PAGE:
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  1. MQSA Insights

DBT Accreditation: It’s Here

In the medical device world, the constant evolution of technology continues to give us new and improved diagnostic and therapeutic tools, and the mammography world is no exception. On February 11, 2011, we witnessed the fourth generation of mammography technology emerge with FDA’s approval of the first Digital Breast Tomosynthesis (DBT) unit for U.S. marketing. At that time, just like when the first Full Field Digital Mammography (FFDM) unit was approved for marketing in January, 2000, the FDA’s approved accrediting bodies (ABs) understandably did not have standards developed or processes in place to accredit a new technology that was just introduced to the mammography community. Therefore, the FDA had to develop a stop-gap, temporary program, namely the FDA Certificate Extension Program. In the absence of accreditation, this program’s purpose was to provide a temporary way for new technology approved for marketing to be legally used under the Mammography Quality Standards Act (MQSA), so that it could benefit patients while accreditation programs were being developed.

The MQSA mandates that facilities be accredited. Once ABs are ready to accredit a new technology, apply to FDA, and are approved, the transition from a certificate extension program to an accreditation program occurs. Such was the case with FFDM, when, in February of 2003, the ABs were initially approved to accredit certain FFDM units. In a similar fashion, effective April 9, 2018, all four FDA MQSA ABs (the States of Arkansas, Iowa, and Texas and the American Collect of Radiology (ACR)) are approved to accredit DBT systems.

The FDA has worked and continues to work closely with the accrediting bodies to assist facilities with this transition. Individual accrediting bodies have established their own accreditation procedures and transition mechanisms within the confines of the MQSA requirements for accreditation. The FDA continued to accept applications up until April 6, 2018. Any facility granted an extension of its certificate to include the use of a DBT unit to date, or who is granted one on an application received by FDA by April 6, can continue to use its existing DBT unit(s) under that certificate extension while transitioning to being accredited by its accreditation body. If a facility with a current DBT certificate extension adds a new unit and wants to use the DBT modality on the new unit, the facility must now apply to its accreditation body to have that new unit accredited. All other facilities, and those certificate extension facilities that acquire DBT units after the April 6, 2018 cutoff date, must contact their respective ABs to apply for accreditation.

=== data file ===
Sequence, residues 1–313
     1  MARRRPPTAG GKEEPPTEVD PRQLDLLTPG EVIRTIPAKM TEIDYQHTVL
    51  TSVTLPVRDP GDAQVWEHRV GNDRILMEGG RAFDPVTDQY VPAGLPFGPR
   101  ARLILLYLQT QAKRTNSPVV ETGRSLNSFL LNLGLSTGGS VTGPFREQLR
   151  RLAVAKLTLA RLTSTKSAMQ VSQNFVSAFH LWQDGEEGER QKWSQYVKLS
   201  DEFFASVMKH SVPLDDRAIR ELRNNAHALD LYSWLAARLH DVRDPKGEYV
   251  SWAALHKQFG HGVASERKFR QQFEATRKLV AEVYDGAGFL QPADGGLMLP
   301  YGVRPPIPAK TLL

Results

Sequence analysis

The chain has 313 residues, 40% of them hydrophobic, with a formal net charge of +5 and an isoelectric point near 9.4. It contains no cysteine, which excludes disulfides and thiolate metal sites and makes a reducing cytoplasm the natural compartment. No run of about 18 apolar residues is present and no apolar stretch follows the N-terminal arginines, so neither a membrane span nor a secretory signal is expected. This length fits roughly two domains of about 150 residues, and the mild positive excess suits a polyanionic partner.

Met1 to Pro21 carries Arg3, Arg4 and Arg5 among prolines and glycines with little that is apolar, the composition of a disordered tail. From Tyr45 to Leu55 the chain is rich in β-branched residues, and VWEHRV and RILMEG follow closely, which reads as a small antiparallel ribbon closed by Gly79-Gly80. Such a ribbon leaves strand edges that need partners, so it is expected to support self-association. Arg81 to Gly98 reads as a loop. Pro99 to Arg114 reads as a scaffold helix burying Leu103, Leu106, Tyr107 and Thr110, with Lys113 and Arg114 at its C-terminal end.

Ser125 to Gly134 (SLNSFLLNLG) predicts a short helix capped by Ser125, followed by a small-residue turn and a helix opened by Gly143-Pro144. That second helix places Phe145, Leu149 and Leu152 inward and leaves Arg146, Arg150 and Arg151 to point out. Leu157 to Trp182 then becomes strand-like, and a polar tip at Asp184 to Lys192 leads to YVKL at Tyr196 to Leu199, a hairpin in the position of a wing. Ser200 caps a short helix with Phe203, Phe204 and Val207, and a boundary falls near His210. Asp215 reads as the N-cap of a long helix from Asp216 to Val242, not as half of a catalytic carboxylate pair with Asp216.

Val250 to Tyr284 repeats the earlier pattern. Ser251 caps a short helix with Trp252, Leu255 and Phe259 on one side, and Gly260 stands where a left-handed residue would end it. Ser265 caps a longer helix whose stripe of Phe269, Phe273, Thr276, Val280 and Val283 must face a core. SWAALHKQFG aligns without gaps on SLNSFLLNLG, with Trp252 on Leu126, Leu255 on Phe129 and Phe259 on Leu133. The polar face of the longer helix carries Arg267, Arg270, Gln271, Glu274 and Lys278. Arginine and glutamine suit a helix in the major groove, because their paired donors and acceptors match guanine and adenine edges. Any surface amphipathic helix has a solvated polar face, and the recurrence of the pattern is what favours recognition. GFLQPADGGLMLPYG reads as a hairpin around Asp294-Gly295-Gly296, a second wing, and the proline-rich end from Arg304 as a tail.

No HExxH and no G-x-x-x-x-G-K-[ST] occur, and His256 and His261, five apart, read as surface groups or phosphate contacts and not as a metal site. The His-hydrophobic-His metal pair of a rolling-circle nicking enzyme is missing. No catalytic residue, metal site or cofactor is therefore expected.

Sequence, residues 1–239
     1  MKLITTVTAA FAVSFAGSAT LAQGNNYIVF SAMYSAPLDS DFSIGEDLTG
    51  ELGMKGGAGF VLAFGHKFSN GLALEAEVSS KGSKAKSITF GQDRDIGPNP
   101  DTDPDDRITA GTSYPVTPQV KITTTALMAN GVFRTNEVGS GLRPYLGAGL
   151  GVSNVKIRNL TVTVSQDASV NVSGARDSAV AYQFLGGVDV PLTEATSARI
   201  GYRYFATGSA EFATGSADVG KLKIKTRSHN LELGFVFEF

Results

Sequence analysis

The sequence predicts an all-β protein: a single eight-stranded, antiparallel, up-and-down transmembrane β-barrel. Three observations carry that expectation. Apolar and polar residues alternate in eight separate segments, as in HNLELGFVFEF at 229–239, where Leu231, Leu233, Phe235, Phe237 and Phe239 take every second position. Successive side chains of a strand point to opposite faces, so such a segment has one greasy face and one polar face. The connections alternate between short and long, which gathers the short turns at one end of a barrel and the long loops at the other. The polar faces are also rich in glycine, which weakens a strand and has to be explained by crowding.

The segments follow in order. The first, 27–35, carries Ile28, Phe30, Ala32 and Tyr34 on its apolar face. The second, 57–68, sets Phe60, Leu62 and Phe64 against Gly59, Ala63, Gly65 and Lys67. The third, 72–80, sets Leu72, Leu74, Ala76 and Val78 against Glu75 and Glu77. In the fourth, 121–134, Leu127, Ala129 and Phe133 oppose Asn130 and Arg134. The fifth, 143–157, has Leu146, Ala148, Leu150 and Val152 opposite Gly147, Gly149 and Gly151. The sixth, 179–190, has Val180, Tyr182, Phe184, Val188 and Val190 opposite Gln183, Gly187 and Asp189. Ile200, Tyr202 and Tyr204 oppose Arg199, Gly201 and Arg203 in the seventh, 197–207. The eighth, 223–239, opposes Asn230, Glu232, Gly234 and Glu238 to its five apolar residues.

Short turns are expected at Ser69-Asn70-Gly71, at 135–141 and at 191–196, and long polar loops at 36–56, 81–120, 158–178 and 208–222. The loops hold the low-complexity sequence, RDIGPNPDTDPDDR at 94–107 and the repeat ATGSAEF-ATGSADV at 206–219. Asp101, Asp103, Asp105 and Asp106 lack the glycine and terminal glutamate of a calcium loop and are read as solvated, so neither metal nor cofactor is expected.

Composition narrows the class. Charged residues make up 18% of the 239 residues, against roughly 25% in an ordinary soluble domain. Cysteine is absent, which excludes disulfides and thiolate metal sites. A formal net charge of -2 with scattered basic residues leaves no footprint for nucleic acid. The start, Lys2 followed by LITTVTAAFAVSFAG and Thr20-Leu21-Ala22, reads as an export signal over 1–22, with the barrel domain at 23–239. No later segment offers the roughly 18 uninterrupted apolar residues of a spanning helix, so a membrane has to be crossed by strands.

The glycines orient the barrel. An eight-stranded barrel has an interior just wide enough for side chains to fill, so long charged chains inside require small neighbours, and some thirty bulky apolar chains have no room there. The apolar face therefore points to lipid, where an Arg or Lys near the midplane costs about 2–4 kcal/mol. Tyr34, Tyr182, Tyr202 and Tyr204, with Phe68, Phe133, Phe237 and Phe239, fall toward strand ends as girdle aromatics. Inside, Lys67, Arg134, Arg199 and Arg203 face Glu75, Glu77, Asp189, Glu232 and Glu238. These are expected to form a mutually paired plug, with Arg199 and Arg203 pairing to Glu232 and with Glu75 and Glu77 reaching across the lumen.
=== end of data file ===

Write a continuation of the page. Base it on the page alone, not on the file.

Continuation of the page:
Although housed in a single unit, due to the differences in technology between FFDM and DBT, the FFDM and DBT components of the mammography system need to be accredited as two separate units if the facility uses the DBT component in clinical practice. And even if a facility uses only the DBT component of a mammography system, and not the FFDM mode, both the FFDM and DBT systems must be accredited, as accreditation of the DBT modality relies on documenting the proper functioning of certain aspects of the FFDM system. As when the Certificate Extension Program was in effect, both the FFDM and DBT portions of a unit will each individually require inspection during the annual MQSA inspection process.

To further assist facilities with the DBT accreditation process, the table below summarizes the system components, quality control (QC) tests and new modality training requirements that are evaluated during the accreditation process:

Facility System

Facility Intended Use of System

Accredit FFDM System?

Accredit DBT System?

Quality Control (QC)

Personnel Training Requirements


FFDM system with DBT capability





8 hours of FFDM training only

FFDM (2D),
DBT (3D)




8 hours of FFDM training and 8 hours of DBT training





8 hours of FFDM training and 8 hours of DBT training

DBT Only System

Currently, there are no DBT(3D) systems approved for U.S. marketing that do not have an FFDM (2D) component.

As noted in the table above, all personnel who perform DBT exams (technologists), interpret DBT images (interpreting physicians), or evaluate DBT units (medical physicists), must have at least 8 hours of training in FFDM and 8 hours of training in DBT. Facilities are required to complete the required quality control testing depending on the clinical use of the unit.

While there was no charge for the temporary FDA Certificate Extension Program, facilities will now incur fees for DBT accreditation, as they do for other types of mammography accreditation. Fees are set by each AB and vary among them. The justifications for each AB’s fees are evaluated and approved by the FDA.

The accrediting bodies are the best source of information about the DBT transition to accreditation and the specifics of their DBT accreditation requirements and processes; their useful links are provided below:

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